A Sydney-based advisory firm is proposing a debt for equity deal that could see it snatch control of Virgin Australia. Just hours before the deadline for final bids for the collapsed airline, bondholders have got together to present a deal to the airline’s administrator. It’s a proposal, the bondholders argue, that offers greater bang for the buck than what’s already on the table.
Bondholders looking to get a better deal
Following the airline’s collapse, Virgin Australia bondholders have been left holding around US$1.43 billion of unsecured debt. The professional advisory outfit, Faraday and Company, is now representing a number of those bondholders. They have been talking to Virgin Australia’s administrator, Deloitte, for the past fortnight. Faraday wants to swap debt for equity and pump more cash into the airline. If successful, they will have disrupted a carefully calibrated process to relaunch Virgin Australia.
The two shortlisted bidders, Bain Capital and Cyrus Capital Partners are due to submit their final, binding bids by the close of business on Monday. The well resourced Bain Capital is tipped to come out the winner. But Cyrus Capital Partners has been consistently underestimated throughout the entire process.
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Final bids due tonight, but some disquiet at bidder’s plans
The Australian Government is keeping a close eye on the administration process. Last week, there were reports that the government was unhappy with both Bain and Cyrus Capital’s plans to streamline Virgin Australia. The government fears a relaunched airline will concentrate on busy trunk routes at the expense of regional routes.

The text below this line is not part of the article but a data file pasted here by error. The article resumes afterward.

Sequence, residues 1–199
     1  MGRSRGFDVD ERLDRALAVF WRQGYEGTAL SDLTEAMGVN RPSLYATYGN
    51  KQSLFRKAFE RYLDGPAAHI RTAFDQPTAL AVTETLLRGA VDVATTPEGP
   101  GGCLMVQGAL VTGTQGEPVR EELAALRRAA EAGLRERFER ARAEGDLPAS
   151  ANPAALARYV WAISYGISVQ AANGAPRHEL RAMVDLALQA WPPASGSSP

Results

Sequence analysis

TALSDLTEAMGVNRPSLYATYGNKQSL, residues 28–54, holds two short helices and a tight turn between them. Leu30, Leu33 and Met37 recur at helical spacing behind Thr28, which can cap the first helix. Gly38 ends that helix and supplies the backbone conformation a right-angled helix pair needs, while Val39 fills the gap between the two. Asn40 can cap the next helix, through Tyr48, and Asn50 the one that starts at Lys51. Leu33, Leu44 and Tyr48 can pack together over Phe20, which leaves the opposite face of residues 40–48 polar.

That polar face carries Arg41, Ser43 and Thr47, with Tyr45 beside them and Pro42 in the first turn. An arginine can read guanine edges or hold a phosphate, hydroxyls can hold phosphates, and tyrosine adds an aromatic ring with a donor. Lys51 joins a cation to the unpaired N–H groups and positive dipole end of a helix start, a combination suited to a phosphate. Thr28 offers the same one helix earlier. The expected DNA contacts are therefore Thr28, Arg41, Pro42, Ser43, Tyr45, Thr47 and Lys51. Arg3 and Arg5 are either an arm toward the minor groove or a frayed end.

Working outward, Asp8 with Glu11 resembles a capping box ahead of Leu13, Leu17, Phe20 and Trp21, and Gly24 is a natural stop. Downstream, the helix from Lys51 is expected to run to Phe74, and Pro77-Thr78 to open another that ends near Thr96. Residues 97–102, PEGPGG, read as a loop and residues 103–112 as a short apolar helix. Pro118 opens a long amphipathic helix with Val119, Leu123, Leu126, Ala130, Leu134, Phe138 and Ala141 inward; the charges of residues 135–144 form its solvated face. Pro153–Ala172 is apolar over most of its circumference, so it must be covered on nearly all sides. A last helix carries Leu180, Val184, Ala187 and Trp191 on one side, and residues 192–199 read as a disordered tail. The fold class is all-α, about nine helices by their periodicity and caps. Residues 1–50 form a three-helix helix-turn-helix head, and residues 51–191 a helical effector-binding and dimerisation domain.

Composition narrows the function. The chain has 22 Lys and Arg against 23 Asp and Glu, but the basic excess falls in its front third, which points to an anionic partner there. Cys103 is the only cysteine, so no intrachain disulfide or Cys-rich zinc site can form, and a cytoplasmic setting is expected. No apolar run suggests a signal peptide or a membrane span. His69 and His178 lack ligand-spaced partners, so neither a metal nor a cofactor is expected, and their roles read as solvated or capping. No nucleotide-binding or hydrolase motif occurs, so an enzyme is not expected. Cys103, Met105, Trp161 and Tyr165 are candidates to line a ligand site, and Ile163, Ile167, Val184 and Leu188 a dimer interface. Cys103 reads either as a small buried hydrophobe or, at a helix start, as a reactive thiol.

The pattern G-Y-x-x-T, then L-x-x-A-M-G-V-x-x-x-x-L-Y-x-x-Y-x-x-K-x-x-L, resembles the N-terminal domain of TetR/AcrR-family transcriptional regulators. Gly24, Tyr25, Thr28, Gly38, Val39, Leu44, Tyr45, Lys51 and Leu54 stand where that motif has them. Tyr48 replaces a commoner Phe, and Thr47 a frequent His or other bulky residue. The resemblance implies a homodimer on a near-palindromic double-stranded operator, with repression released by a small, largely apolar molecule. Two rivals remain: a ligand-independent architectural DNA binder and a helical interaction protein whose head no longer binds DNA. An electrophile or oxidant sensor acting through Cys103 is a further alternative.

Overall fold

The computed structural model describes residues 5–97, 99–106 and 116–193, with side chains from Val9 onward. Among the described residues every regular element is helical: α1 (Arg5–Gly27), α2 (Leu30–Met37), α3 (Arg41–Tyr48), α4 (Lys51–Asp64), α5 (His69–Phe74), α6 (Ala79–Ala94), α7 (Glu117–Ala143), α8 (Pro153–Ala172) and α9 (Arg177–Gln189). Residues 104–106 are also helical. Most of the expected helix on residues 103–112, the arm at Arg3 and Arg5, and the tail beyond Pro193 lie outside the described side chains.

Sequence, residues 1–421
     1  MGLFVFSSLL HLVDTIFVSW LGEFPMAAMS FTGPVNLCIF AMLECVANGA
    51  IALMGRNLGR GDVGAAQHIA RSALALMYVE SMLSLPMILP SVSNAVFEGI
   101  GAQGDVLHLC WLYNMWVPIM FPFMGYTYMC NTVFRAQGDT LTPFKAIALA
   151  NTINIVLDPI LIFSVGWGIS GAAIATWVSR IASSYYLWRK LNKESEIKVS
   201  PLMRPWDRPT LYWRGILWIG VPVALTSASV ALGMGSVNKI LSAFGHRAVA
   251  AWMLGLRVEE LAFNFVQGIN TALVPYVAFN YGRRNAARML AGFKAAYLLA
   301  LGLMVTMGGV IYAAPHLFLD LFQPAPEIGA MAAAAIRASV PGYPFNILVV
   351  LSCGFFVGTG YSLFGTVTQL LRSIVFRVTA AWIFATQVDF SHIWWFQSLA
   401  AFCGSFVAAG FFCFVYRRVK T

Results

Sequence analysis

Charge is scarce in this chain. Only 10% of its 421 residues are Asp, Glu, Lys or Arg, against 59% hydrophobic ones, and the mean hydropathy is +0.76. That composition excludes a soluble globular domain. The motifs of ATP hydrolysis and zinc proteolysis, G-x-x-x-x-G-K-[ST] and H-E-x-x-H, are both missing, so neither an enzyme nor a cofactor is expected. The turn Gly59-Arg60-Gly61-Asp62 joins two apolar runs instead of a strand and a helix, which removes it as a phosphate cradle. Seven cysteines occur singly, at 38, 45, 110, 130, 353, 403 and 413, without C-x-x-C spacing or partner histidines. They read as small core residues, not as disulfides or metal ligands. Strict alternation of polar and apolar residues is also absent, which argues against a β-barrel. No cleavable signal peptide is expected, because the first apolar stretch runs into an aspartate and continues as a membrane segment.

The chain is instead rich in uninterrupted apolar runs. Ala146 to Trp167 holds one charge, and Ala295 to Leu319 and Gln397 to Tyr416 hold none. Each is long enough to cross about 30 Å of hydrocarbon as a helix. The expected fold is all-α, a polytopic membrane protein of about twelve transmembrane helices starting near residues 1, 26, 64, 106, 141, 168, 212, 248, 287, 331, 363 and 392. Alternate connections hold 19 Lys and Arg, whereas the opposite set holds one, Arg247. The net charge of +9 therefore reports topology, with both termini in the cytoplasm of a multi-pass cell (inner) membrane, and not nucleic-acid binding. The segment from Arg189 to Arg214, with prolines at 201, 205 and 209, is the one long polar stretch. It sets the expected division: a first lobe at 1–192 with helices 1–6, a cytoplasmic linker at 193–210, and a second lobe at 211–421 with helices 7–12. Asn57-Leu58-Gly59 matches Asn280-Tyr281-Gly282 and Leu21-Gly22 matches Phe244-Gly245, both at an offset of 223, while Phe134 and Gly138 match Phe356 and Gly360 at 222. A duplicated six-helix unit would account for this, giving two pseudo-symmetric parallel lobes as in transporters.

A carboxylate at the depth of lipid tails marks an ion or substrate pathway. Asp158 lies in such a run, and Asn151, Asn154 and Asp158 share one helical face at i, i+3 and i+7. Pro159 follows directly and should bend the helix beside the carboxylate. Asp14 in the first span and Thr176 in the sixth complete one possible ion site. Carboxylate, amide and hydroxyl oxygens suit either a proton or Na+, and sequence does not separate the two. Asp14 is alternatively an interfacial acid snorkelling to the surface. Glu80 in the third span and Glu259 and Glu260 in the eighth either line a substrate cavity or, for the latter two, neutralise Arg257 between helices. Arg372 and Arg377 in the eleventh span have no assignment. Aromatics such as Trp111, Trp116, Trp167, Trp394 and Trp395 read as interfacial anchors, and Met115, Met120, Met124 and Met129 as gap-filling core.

However, given that the Australian Government has repeatedly declined to invest in or lend to Virgin Australia, their concerns may fail to gain much traction at Deloitte.
Also unhappy are several unions representing some 10,000 Virgin Australia employees. They fear substantial job losses with either a Bain or Cyrus owned airline. The unions are said to be less than impressed with the details of both bids. Collectively, the Virgin Australia employees make up the bulk of the collapsed airline’s creditors.
An interesting new spin on things
In this environment, and close to the deadline for final bids, the move by the bondholders puts an interesting new spin on things. Australia’s Corporations Law allows the bondholders to submit their proposal outside the administrator’s preferred bidding process.
Virgin Australia was selling bonds as late as last year. They are now trading at around ten cents on the dollar. The bondholders include both institutional and retail investors. Many bondholders believe their bonds are worth more than this. As unsecured creditors, they are among the last in line when Virgin Australia is sold, and Deloitte starts dealing out the proceeds.
Faraday and Company reportedly have a 50 person team working on their proposal. They’ve brought in blue-chip Sydney legal outfit Corrs Chambers Westgarth and Rob Sherrard, who helped set up Virgin Australia two decades ago.
Bondholders reluctant to accept potentially lowball offers
The team is critical of leaks that appear to be prepping bondholders for a smaller than expected return. One unnamed bondholder told The Sydney Morning Herald today that “anything would be better than what Cyrus or Bain will offer”.
It should be noted that Faraday doesn’t represent all bondholders, just some. But they believe the future of Virgin Australia is underestimated. When travel rebounds, they see a huge uplift in demand. This proposal may prove a winner with many small Virgin Australia investors potentially left out of pocket. Whether Deloitte likes the deal remains to be seen.
Like all good sagas, there’s always another twist around the corner.